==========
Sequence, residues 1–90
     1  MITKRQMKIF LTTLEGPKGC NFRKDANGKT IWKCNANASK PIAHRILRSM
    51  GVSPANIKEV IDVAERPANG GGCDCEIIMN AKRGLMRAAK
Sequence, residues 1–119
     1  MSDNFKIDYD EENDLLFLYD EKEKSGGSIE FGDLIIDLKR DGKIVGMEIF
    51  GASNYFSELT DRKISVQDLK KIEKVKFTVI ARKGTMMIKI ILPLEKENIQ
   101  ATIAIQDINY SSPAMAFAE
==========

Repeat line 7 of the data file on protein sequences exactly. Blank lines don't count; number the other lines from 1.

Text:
   101  ATIAIQDINY SSPAMAFAE